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Decatur school district, teaching assistants fail to reach agreement
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DECATUR PUBLIC SCHOOLS

Decatur school district, teaching assistants fail to reach agreement

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Amy Newsome waves to cars Wednesday during a rally for teaching assistants in Decatur before they enter a mediation session with the Decatur Board of Education near the Keil Administration Building. They were joined by representatives from Champaign Federation of Teachers.

DECATUR — The Decatur School District and the union that represents teaching assistants failed to reach an agreement after a three-hour mediation session Wednesday, the union said. 

In a statement, Paula Busboom, president of the Decatur Federation of Teaching Assistants, said: 

“Here we are again: another mediation session, another example of the Board’s complete lack of understanding of our members’ jobs, our students’ needs, and the Decatur community. The decisions they are making are harming our district. This unwillingness to budge shows an utter lack of empathy with our members and complete disrespect for the students and parents of our district.

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Crowd members listen to Champaign Federation of Teachers member Tammy Stanke speak on Wednesday during a rally for teaching assistants in Decatur. "We are behind you. We support you." 

"We aren’t asking for much. We don’t have high salaries. We live paycheck-to-paycheck like most people in our city. We simply want a contract that won’t make our family budgets even tighter. We want a contract that ensures job security – for our own peace of mind and so our students can learn and grow with the teaching assistants they know and trust.” 

Denise Swarthout, chief communications officer for the school district, released the following statement: 

"Representatives from Decatur Public Schools and the Decatur Federation of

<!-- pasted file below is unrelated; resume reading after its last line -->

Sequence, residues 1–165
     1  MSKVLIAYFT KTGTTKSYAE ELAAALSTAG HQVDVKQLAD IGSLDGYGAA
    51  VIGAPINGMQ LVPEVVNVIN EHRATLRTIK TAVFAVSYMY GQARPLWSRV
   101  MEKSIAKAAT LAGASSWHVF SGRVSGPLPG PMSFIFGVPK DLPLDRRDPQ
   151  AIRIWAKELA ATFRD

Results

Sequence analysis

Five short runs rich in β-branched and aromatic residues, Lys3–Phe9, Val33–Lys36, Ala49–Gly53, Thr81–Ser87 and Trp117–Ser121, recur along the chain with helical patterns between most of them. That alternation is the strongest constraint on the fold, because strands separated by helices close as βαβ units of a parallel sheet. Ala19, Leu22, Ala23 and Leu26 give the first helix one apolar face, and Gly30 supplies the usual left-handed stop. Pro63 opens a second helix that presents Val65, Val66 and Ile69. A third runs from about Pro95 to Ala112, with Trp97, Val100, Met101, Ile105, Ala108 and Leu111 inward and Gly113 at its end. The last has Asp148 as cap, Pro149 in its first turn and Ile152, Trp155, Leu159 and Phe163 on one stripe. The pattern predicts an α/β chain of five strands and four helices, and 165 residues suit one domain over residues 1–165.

Teaching Assistants (DFTA) met this evening with a federal mediator to continue contract negotiations. DPS and DFTA spent more than three hours negotiating and had productive discussions, but have not yet come to an agreement.

"Another negotiating session will be scheduled soon, and we will communicate any movement toward an agreement as soon as we can."

This was the eighth meeting since August involving a federal mediator. The main sticking points in the talks, which started in April, have been over health insurance and compensation. The district says it is offering reasonable plans, while the teaching assistants say they cannot afford the proposed increases in the cost of insurance coverage.

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Champaign Federation of Teachers member Tammy Stanke spoke in support of the teaching assistants in Decatur. "Without (teaching assistants) how many teachers would be alone in the room with 25-plus students?" Stanke said. "We are behind you. We support you."

Teaching assistants and supporters gathered outside of the Keil Building ahead of the mediation. Jon Nadler, a field service director for the Illinois Federation of Teachers, said the union has been trying to work with the school board. 

"We've proposed some movement on our end," Nadler said. "We've moved, I think three or four times on the whole package proposal." Details regarding the newest proposals have not been released to the public. 

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Champaign Federation of Teachers member Tammy Stanke speaks on Wednesday during a rally for teaching assistants in Decatur before they enter a mediation session with the Decatur Board of Education near the Keil Administration Building. 

The union represents 275 hearing interpreter, licensed practical nurses, hearing-vision technicians and teaching assistants who have been working without a contract since the school year started in August. 

Tammy Stanke, a representative from the Champaign Federation of Teachers, participated in the rally Wednesday afternoon, offering words of encouragement. 

"Without (teaching assistants) how many teachers would be alone in the room with 25-plus students?" Stanke said. "We are behind you. We support you."

The dispute between the district and teaching assistants was one item on a list of grievances included in a petition presented to the school board Tuesday during an open session meeting. The non-binding petition, which had 685 signatures, was created by parents and former educators who said they had no confidence in board members. 

Nadler said the support from the petitioners is welcome. 

"We are stuck with this board until the next election, but hopefully we will get our contract settled before then," Nadler said. 


PHOTOS: Decatur Federation of Teaching Assistants and Chicago Teachers Union march in Decatur

Contact Analisa Trofimuk at (217) 421-7985. Follow her on Twitter: @AnalisaTro

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